The Social Ecology of the Museum Learning Environment: Implications for Environmental Design and Management

  • Richard Allen Chase


This paper contributes to the Workshop on Community and Privacy from the vantage point of a single social institution: The museum. During a time when so many social institutions seem to be failing in their efforts to meet the needs of the public they serve, many museums are growing and differentiating in a manner that is making them more useful and more interesting to increasing numbers of people. Study of the adaptive changes that are occurring in many contemporary museum learning environments reminds us of the important opportunities for public institutions, properly designed and managed, to enhance the quality of private life.


Private Life Information Ecology Social Ecology Museum Environment Exit Gate 
These keywords were added by machine and not by the authors. This process is experimental and the keywords may be updated as the learning algorithm improves.


Unable to display preview. Download preview PDF.

Unable to display preview. Download preview PDF.


  1. 1.
    Ainsworth, M. D. S. and Bell, S. M. Attachment, exploration, and separation. Child Development, 1970,Google Scholar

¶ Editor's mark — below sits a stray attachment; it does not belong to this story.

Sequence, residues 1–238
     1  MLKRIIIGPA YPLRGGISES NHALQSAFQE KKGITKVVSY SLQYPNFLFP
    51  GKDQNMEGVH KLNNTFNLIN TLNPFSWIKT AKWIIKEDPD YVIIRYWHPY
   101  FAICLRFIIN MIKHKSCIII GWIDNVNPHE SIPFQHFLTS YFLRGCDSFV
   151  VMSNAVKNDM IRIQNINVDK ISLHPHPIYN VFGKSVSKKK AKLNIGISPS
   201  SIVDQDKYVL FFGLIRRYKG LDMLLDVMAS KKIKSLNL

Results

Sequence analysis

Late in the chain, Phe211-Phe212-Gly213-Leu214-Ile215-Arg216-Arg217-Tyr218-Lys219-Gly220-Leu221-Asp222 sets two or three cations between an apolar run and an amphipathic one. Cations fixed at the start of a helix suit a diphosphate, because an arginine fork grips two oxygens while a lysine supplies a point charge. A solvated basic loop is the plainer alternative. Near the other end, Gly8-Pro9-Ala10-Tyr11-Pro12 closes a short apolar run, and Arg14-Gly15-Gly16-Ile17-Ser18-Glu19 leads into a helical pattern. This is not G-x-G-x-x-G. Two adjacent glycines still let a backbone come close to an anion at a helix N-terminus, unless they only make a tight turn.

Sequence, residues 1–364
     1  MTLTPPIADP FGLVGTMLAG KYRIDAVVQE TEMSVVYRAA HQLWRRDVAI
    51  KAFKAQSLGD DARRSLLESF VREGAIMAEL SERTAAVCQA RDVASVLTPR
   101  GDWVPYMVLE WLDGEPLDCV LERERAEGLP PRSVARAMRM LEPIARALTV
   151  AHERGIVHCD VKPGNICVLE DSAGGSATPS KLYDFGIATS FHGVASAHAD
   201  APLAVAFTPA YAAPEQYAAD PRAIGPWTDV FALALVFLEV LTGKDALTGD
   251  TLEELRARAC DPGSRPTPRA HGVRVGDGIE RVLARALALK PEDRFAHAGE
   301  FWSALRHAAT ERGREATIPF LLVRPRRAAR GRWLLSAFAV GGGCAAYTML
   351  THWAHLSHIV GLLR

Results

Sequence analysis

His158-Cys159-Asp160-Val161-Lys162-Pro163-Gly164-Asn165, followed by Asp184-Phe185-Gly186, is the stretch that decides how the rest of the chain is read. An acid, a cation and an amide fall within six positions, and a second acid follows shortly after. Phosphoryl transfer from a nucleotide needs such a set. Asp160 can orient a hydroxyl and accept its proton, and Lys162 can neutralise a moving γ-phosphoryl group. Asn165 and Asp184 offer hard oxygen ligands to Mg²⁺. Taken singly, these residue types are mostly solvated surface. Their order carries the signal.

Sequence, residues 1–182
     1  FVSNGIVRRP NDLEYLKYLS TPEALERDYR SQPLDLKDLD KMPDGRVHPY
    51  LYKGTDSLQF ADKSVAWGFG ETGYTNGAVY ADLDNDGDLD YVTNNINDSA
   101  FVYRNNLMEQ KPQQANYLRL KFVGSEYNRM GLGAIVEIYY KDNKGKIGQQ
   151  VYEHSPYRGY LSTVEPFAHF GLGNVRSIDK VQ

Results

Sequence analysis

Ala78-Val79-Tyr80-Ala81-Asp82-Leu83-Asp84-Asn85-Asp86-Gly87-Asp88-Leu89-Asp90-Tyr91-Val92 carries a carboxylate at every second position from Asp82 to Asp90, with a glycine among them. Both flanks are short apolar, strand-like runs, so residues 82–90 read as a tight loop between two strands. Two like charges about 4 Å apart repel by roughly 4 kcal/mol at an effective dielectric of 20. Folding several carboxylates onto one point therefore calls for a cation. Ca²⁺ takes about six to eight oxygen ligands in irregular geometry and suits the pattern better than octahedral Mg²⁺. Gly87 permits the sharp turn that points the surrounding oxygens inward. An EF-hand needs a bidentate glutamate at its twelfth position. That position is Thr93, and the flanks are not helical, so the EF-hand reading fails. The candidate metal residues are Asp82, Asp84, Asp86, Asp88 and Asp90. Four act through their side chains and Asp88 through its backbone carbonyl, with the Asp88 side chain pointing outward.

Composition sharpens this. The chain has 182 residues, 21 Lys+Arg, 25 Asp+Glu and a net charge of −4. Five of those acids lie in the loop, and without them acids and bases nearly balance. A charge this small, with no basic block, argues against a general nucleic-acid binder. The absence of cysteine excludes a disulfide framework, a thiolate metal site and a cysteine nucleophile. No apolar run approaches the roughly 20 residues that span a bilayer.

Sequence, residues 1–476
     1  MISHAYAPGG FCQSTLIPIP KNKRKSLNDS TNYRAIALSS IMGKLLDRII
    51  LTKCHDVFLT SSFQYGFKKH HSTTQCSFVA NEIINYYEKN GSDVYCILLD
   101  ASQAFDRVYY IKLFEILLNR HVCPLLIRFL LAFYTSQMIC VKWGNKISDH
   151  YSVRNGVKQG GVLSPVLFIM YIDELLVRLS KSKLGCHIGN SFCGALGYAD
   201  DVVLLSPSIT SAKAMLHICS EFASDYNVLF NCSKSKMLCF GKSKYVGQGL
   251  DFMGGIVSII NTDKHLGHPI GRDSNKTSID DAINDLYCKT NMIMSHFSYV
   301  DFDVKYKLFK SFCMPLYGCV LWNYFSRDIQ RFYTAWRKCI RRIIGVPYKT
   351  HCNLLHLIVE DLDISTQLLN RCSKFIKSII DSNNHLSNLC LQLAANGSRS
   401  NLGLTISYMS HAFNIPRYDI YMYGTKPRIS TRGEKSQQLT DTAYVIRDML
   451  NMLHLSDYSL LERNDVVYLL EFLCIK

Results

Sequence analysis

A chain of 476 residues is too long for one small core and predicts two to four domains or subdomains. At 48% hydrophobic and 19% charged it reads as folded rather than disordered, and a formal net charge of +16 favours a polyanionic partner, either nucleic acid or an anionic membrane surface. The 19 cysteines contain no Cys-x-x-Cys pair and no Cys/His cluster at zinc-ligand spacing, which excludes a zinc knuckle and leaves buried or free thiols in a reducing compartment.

2. 2.
    Boocock, S. S. and Schild, E. 0. (Eds.) Simulation games in learning. Beverly Hills, California: Sage Publication, 1968.Google Scholar
  3. 3.
    Bruner, J. S. The process of education. Cambridge, Massachusetts: Harvard University Press, 1961.Google Scholar
  4. 4.
    Bruner, J. S. Toward a theory of instruction. Cambridge, Mass.: Harvard University Press, 1966.Google Scholar
  5. 5.
    Carnegie Commission on Higher Education, Toward a learning society; alternative channels to life, work, and service. New York: McGraw-Hill, 1973.Google Scholar
  6. 6.
    Carr, S. and Lynch, K. Where learning happens. Daedalus, 1968, 97: 1277–1291.Google Scholar